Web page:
Zdravo from Macedonia!
After a long (LONG!) day of travel, we made our way from Philadelphia to JFK airport (by bus), from JFK to Vienna (by plane), from Vienna to Skopje, Macedonia (again, by plane), and then from Skopje to Tetevo (by bus).
In all, it was about 26 hours from the time I woke up in Philly to the sweet serenade of my Beyoncé alarm to when I collapsed in my bed in Macedonia.
And oh what a day it has been.
By the time we got on our flight at JFK around 5:30 p.m. EST, I was already bubbling with anticipation. I made note of the moment the wheels left the ground, my last connection to American soil for a while.
There have been a lot of lasts in recent days and they’ll be easily eclipsed by all the firsts I’m about to experience.
On that note, I want to let you know there will be more frequent posts at first, but I’ll settle in and scale back to hopefully one or two a week. Please don’t let the initial barrage of email notifications discourage you from following along.
Oh! Remember that post on packing? I almost got it right. One of my bags was overweight, but a lovely, fellow PCV (Peace Corps volunteer) let me stash my winter boots in her bag to just squeak under the limit.
In the air, I thought I would be able to sleep my way to Vienna, but no such luck. Instead it was X-Men: Days of Future Past and Chef. (Did you know Peace Corps founding president JFK was a mutant? #stuffIlearnedontheplane)
It was weird to hear, “Dinner will be served, followed by breakfast before we land.” I was pumped about all the eating, but knew it was going to be a long flight.
That wasn’t the weirdest thing though. About 5 ½ hours into our flight, a few of us giggled when we caught an older couple exiting one of the restrooms together. Judging by his sheepish grin, her delayed departure, and our 38001 feet cruising altitude, he’s crossing something off his bucket list.
I had my own connection at the restrooms, albeit less risqué. I was checking names with a few PCVs also waiting and I jokingly apologized to the other man waiting, for not being able to include his name. He was on his way to Vienna to continue work on a non-profit group he founded called Envision Kindness. The focus is to create a database of photos and videos of acts of kindness, which include captions to provide context. He said it’s really a social experiment to spread positive images in a world often dominated by negative stories in the media. (My former reporter ears perked up at that.)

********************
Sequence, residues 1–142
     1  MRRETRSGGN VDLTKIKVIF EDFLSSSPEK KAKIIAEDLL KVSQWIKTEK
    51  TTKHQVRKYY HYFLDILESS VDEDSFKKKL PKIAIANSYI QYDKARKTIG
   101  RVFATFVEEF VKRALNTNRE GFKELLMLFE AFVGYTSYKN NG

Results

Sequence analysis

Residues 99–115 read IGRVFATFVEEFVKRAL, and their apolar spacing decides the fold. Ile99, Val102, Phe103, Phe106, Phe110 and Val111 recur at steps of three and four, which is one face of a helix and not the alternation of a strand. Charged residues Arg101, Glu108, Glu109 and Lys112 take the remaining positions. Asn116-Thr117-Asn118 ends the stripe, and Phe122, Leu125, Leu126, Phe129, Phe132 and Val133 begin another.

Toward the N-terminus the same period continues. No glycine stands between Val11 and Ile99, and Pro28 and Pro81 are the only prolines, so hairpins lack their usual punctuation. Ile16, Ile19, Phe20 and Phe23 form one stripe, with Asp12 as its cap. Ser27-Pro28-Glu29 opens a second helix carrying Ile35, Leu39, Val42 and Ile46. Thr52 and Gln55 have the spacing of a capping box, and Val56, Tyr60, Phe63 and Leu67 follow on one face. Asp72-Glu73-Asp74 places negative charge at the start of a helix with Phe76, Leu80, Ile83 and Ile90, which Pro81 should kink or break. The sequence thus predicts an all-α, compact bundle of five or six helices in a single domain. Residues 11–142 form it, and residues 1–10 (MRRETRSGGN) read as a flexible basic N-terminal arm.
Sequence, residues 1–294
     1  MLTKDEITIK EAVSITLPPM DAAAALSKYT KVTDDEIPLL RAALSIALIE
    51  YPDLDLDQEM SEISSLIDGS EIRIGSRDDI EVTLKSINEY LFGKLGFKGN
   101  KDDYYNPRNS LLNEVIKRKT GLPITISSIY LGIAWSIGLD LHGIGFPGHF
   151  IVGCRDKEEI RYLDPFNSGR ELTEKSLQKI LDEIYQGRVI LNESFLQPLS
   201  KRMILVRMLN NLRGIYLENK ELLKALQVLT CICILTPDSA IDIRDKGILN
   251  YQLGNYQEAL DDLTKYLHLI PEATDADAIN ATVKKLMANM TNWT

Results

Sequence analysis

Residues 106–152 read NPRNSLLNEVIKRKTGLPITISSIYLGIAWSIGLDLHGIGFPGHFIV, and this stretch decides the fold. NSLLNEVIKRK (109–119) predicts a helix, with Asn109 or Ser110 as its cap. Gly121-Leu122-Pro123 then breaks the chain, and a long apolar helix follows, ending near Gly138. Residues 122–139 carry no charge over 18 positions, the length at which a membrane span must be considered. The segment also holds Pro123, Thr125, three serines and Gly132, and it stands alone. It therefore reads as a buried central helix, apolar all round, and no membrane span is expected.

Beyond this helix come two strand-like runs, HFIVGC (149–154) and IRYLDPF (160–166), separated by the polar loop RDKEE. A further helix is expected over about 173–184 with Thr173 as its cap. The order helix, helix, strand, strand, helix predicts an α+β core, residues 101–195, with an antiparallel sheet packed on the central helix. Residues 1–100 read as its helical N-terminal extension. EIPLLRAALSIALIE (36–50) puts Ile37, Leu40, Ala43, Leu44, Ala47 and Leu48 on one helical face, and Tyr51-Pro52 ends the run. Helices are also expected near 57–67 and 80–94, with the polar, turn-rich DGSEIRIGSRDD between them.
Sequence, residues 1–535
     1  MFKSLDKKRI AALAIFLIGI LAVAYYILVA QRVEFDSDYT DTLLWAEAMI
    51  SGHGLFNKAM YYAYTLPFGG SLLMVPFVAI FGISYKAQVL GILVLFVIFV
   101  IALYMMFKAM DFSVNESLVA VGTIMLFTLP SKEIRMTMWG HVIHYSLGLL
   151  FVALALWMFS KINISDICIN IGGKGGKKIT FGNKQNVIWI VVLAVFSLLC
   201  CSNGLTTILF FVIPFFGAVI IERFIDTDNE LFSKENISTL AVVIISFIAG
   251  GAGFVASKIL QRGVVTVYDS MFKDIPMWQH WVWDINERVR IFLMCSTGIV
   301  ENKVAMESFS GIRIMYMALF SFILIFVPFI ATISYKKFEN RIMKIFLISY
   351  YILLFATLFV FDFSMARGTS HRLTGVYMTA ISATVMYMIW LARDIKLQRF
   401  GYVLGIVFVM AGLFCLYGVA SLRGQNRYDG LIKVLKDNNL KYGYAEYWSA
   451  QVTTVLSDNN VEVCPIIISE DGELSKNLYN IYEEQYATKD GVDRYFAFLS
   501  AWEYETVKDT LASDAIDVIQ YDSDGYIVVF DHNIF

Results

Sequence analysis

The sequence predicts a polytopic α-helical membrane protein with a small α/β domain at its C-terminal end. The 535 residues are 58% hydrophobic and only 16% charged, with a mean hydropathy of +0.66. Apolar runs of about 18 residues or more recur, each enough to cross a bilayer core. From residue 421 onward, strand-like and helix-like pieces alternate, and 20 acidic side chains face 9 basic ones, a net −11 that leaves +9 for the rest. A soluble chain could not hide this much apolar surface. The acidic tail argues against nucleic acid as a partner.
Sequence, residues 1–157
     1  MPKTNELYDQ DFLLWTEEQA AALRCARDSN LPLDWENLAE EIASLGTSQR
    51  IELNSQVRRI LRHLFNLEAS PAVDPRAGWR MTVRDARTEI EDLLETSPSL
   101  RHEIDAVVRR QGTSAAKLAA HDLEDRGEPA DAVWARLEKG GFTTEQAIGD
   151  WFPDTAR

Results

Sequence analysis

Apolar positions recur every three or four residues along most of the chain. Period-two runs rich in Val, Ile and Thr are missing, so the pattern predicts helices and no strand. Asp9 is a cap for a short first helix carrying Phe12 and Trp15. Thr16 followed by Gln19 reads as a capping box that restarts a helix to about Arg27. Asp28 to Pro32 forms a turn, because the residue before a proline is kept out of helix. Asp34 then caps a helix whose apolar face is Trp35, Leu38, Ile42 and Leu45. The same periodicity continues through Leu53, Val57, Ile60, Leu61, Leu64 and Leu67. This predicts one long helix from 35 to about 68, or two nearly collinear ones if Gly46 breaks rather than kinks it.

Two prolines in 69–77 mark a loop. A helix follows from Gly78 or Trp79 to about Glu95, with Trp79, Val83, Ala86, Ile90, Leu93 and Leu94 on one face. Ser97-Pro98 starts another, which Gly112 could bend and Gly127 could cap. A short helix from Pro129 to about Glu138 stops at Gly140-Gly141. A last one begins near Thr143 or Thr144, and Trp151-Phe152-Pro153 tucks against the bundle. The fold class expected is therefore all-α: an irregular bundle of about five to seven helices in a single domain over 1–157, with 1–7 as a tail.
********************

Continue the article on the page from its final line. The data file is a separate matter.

I’m looking forward to seeing how it all pans out and maybe even contributing some kindness from Macedonia.
He told me that I radiated joy, which was encouraging. He also said that he believes everything happens for a reason. Me too.
It certainly reinforced that networking happens everywhere, even in line for the restroom, on a jet, somewhere over the Atlantic.
After a comfy layover in Vienna (complete with lounge seating and free Wi-Fi!), we departed for our new home.
The flight was only long enough for one chapter of my book, The Blue Sweater. Once we started our descent, I was too distracted to read much more.
My first view of Macedonia was rolling, intense, green mountains shrouded in wispy fog. It’s beautiful.
The lush countryside peeked through the clouds, and before long, pockets of red, terracotta rooftops came into view. Many skirted the mountains. Now that the sun has set, there is just a twinkling band of lights from the homes along the base.
Once we bounded off the plane, the customs process took seconds and then we were gathering luggage and on our way to meet the country staff.
They were hard to miss.
We rolled through the double doors to cheers, signs, cameras flashing and a long line of smiles. Welcome home.
I resisted the urge to frolic through the grass just outside the airport, but it was tough. Sensory overload continued on the bus to Tetevo.
My seatmate said she was torn between taking in the sights or taking a nap. Moments later, she was asleep next to me. Her body decided.
I stayed awake, devouring the scenery, noting watermelon, corn and grape fields. Stands of red and white grapes sat on the shoulder of the two-lane highway, inches from the cars whizzing past. I enjoyed the few spots of graffiti, tagged in the Cyrillic alphabet. I also enjoyed that when we missed our exit, the bus driver simply braked, backed up, and corrected course.
I made it through lunch and a quick tour of the Woodrow Wilson School, where we’re staying for the next week, before my body decided 26 hours awake had been quite enough.